How to start saving

Getting your head around the world of money can be tough. But, once you’ve got the fundamentals down, everything gets that bit easier.

We’ve covered spending and expenses, now it’s time to look at savings.  

Why savings matter  

Saving money can help make future dreams a reality, whether that be paying for a wedding, house deposit, holiday or something smaller, like a family trip to a theme park. It can also provide a bit of security for when those unexpected expenses pop out of nowhere.

The sooner you start, the more you stand to benefit. Not only do you get more time to grow your stash, but you’ll earn more in interest, too. Without further ado, let’s get into the nitty gritty. 

Explaining interest 

Setting money aside regularly is just one way of making your savings grow. The other is interest, which is paid to you by the bank you save with. The interest you earn is a percentage of how much you’ve got saved. Let’s say you saved £1,000 in an account that paid 10% interest annually. After a year, you’d earn £100 in interest, leaving you with £1,100 overall. (We’ve picked this as an example rate for the sake of simpler maths – you won’t find an account that pays that much!) 

AER, gross and compound interest  

When looking at savings accounts, you’ll see ‘AER’ and ‘gross’ interest rates. They sound confusing, but they’re there to help you compare the rates of different accounts.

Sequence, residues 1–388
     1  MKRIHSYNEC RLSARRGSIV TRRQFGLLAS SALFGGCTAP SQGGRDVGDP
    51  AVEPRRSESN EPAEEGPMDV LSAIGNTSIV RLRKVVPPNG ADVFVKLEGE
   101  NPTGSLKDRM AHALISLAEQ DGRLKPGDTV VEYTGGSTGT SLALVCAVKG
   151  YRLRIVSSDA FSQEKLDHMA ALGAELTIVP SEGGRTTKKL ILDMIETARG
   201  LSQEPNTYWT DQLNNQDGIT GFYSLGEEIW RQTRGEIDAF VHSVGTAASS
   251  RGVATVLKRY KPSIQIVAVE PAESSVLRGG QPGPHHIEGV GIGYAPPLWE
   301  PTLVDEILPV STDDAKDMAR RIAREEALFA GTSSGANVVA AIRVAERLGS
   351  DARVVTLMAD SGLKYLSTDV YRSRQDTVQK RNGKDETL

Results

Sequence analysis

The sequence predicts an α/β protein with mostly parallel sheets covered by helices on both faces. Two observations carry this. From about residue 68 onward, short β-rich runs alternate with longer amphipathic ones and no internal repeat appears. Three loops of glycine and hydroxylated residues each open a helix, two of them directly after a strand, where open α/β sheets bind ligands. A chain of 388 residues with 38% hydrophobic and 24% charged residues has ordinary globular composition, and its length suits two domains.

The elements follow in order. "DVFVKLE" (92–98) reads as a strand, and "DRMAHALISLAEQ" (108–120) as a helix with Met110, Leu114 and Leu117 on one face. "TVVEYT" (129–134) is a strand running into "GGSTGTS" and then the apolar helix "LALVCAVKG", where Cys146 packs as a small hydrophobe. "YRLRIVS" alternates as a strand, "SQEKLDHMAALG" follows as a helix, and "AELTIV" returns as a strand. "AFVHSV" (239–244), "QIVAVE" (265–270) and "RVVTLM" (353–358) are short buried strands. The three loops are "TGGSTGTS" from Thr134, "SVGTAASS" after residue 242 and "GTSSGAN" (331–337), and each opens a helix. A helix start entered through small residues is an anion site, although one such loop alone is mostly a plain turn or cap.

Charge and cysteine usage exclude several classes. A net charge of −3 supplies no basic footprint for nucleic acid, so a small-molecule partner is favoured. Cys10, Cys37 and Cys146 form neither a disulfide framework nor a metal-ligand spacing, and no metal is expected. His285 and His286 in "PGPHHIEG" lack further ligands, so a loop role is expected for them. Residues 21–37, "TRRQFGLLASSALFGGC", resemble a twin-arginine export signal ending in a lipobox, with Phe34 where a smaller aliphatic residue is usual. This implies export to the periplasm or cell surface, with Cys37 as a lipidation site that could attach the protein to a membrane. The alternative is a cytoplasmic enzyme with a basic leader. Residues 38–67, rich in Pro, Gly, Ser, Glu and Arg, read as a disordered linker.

AER stands for annual equivalent rate. This is the rate of interest you’d earn over the course of a year, factoring in what’s known as ‘compound interest’. Another confusing term. But compound interest is a good thing for savers. It refers to earning interest on the interest you’ve already earned. Even more confusing? Let’s continue with the example above. If you decided to leave your £1,100 in the same account for another year at 10%, this time you’d earn £110. That extra £10 is compound interest in action.  

Gross refers to the interest rate that’s applied to your savings before any tax or deductions are taken off. It doesn’t factor in compound interest which is why this number will usually look a little lower than the AER figure.  

Different types of savings account 

Saving doesn’t just mean leaving money in your current account at the end of each month. There are different, specially designed accounts to help you grow your money in ways that suit your needs. 

Easy / instant access 

These are savings accounts which’ll pay a higher interest rate than your current account. They’re simple to get started with – you may only need £1 to open an account – and you can withdraw your money anytime without paying a penalty. That makes them great if you know you might need to access your savings at the drop of a hat. They tend to pay a lower interest rate than notice or fixed term accounts, but the rate is variable, which means it can change over time.  

Fixed term savings